In order to successfully manage cultural diversity, there is need to create favourable environment for all groups. If people feel respected regardless of their background, it will lead to increased promise and efficiency, improved work relationships, and the staffing and retention of the best employees (Daft 1997). Companies can steer business growth and improve customer service by involving their diverse labour force. This means making use of language skills, cultural sensitivity, knowledge of business networks in their home countries, and market knowledge. Through these techniques, organisations will have competitive advantages in marketing goods and services to a gradually more migrant community as well as to the global market (Karpin 1995).

A good Manager has important role to change the organizational culture so that it more strongly reflects the values of diverse workforce. Some of the abilities of managers include an understanding and acceptance of managing diversity concepts, acknowledgment that diversity is threaded through every aspect of management, self-awareness, in terms of understanding of culture, identity, biases, prejudices, and stereotypes and readiness to challenge and change institutional practices that present barriers to different groups. Successful management of diversity enhances good management practices by preventing discrimination and promoting inclusiveness. Managing diversity stresses on maximizing the capability of all employees to contribute to organizational goals. Affirmative action focuses on particular groups because of historical favouritism, such as people of different colour and women. Affirmative action highlights legal necessity and social responsibility.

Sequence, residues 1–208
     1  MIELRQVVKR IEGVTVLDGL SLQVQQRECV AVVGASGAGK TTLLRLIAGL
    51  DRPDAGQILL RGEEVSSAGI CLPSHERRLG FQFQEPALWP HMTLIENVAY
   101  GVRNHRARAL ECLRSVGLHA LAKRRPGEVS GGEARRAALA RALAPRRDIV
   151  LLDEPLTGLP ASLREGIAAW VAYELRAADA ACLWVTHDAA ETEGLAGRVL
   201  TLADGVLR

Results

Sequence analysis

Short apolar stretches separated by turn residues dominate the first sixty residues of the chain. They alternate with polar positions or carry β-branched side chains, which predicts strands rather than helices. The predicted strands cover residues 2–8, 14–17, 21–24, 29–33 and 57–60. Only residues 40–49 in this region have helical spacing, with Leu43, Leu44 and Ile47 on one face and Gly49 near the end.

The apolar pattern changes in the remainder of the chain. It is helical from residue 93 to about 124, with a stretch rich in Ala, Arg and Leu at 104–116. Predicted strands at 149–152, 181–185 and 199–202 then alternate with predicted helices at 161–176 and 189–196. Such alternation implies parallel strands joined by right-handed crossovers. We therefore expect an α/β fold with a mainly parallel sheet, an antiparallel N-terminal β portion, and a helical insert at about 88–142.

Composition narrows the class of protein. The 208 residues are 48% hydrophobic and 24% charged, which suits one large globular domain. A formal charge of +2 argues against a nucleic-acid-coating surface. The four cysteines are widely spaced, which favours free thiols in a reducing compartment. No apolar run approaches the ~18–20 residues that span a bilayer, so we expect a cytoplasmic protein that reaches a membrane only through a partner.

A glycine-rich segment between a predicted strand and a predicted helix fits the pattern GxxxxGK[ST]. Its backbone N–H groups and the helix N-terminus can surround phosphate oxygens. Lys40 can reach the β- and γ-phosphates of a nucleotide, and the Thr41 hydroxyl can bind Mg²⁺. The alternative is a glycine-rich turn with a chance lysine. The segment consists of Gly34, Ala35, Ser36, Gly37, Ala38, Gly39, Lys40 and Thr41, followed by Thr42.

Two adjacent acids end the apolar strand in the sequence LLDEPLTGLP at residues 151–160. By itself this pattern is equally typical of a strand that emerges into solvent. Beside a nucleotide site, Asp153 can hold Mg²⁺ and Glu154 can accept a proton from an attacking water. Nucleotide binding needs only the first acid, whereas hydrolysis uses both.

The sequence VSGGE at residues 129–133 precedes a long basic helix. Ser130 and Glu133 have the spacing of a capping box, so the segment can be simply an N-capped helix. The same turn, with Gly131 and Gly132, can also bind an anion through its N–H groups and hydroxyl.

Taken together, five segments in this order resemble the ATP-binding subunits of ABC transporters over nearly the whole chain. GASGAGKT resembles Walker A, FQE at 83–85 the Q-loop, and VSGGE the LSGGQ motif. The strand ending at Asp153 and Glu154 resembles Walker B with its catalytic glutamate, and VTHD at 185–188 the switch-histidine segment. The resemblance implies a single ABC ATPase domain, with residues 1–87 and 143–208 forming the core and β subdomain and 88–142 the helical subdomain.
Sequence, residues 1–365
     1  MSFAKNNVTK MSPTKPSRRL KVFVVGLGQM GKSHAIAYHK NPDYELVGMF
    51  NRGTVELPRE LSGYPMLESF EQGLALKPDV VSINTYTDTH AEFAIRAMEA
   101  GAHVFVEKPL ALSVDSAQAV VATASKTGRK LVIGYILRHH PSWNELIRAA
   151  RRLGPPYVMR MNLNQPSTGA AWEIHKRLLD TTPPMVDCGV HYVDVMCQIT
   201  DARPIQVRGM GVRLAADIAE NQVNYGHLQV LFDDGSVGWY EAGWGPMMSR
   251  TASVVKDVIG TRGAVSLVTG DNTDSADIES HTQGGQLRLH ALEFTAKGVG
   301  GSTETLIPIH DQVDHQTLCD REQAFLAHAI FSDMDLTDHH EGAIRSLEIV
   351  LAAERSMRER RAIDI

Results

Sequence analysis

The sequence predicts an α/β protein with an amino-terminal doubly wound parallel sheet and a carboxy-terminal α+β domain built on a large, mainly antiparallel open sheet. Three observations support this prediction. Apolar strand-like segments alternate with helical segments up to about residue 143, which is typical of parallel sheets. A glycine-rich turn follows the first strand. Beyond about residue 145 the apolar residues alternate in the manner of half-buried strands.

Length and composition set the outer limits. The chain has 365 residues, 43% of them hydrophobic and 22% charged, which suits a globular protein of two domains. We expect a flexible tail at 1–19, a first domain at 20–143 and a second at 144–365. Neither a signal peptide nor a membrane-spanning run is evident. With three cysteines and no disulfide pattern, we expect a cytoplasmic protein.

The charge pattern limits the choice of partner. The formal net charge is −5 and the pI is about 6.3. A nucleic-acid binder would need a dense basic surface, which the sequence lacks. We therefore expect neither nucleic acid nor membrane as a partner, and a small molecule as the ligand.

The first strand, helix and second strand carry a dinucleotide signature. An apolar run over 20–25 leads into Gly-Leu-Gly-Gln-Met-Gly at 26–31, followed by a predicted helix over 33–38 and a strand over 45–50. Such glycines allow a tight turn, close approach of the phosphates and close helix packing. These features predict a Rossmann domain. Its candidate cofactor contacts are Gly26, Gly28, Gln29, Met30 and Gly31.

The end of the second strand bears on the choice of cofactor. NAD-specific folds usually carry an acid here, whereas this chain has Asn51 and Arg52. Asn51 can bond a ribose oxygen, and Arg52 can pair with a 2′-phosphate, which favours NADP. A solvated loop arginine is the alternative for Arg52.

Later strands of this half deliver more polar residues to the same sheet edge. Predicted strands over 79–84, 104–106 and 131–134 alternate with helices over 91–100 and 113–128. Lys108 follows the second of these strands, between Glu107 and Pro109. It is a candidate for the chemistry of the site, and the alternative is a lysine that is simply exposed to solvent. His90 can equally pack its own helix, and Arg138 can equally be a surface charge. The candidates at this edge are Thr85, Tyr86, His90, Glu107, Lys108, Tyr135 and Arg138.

To summarize, a diverse labour force is an expression of a changing world and open market. To manage cultural diversity, managers must be impartial to all ethnic and minority groups and create a fair and safe environment where everyone has access to the same opportunities and challenges. Management tools in a diverse workforce should be utilized to train workforce about diversity and its issues such as laws and regulations. Most workplaces are composed of diverse cultures, consequently organizations must learn to adapt in changing business environment to be successful. The value of managing diversity is because of the realization of the diversity and the increasing need for racial impartiality (Prabhu, 2009).